Eziba.com offers limited quantities of home goods for a set time period.
Allison Enright , Editor
Overstock.com Inc. has launched Eziba.com, a private-sale site that offers limited quantities of home goods that are available for a set time period, typically between 48 and 72 hours.
Eziba is Overstock’s first private-sale site. But based on its success, the retailer may branch out into other product categories that take advantage of Overstock’s existing buyer relationships.
“It’s been a fairly small investment, and if it is successful I could foresee us moving into other areas,” says Jonathan Johnson, president of Overstock, No. 28 in the Internet Retailer Top 500 Guide.
Overstock had a soft launch of Eziba.com on Aug. 10, when the retailer e-mailed a small group of existing Overstock customers to generate some site traffic to ensure the site worked properly. The rest of Overstock’s customer database will receive promotional e-mails notifying them of Eziba this week.
The company initially will market the site to existing Overstock customers, Johnson says. “To start with we are focusing on e-mail. We’re going to try to make this a low-cost launch,” he says.
Overstock customers can use their existing log-in information to access Eziba sales. Eziba features at least seven brands daily and, like Overstock, offers a $2.95 flat shipping rate. Products include, for example, KitchenAid stand mixers, Lenox tableware and C.G. Sparks furniture. Johnson says the products on Eziba are not available on Overstock during the sale window, but may also be sold on Overstock at a later date depending on inventory levels and manufacturer preferences.
Eziba also is aimed at alleviating some high-end manufacturers’ concerns about selling their products on a site called Overstock, he says. “Eziba helps us with suppliers who are eager to sell through us but not be on the site. As good as we think we are there is still some stigma about selling on a site called Overstock.com,” Johnson says.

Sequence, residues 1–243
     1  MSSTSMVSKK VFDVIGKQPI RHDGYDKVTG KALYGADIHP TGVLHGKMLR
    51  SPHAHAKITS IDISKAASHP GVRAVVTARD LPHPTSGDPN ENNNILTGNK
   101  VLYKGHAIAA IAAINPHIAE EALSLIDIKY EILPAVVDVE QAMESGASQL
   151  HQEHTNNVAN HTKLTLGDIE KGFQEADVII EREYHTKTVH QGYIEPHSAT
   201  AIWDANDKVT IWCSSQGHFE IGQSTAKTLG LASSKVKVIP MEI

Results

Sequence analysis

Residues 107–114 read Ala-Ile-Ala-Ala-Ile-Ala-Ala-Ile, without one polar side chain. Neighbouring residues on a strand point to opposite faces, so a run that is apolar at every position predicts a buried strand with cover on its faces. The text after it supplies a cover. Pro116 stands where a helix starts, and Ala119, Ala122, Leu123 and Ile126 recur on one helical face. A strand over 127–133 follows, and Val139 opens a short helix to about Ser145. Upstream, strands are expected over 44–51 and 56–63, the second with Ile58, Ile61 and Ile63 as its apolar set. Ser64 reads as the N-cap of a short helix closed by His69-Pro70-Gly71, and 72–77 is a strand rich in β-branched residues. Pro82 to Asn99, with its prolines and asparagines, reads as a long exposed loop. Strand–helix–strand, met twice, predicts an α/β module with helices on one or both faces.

The Eziba name has its own history. Eziba.com originally launched in 1999 as an online and catalog-based retailer of hand-crafted home goods, most made by artisans in third-world countries. After the retailer folded in 2005, Overstock bought its inventory, mailing lists and name rights that year.
However, Johnson says he doesn’t expect the new Eziba site to enjoy any brand loyalty from previous consumers. “That’d be bonus but it wasn’t the reason we launched with the Eziba name,” he says. “It was more that we had the name in our stable of URLs.” Overstock’s staff will handle the private-sale site’s operating functions. Johnson says the company has one buyer working exclusively on sourcing Eziba deals but that he expects the number to increase.
Johnson declined to reveal early traffic or sales results for Eziba but says he is pleased with the site’s perfomance and that it is meeting expectations. “We’re excited about Eziba and see it as a nice addition to our business,” he says.